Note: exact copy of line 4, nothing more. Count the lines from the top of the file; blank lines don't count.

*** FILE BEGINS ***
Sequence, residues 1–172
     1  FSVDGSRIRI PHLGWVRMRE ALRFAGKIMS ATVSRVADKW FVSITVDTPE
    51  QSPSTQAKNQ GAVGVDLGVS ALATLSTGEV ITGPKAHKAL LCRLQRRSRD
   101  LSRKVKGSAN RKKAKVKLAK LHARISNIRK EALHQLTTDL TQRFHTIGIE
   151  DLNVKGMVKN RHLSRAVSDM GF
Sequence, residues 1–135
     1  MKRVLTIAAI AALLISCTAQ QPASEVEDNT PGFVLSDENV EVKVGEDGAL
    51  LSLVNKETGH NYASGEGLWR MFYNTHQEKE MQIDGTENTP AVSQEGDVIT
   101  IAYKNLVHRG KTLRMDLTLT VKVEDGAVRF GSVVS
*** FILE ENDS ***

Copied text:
   101  LSRKVKGSAN RKKAKVKLAK LHARISNIRK EALHQLTTDL TQRFHTIGIE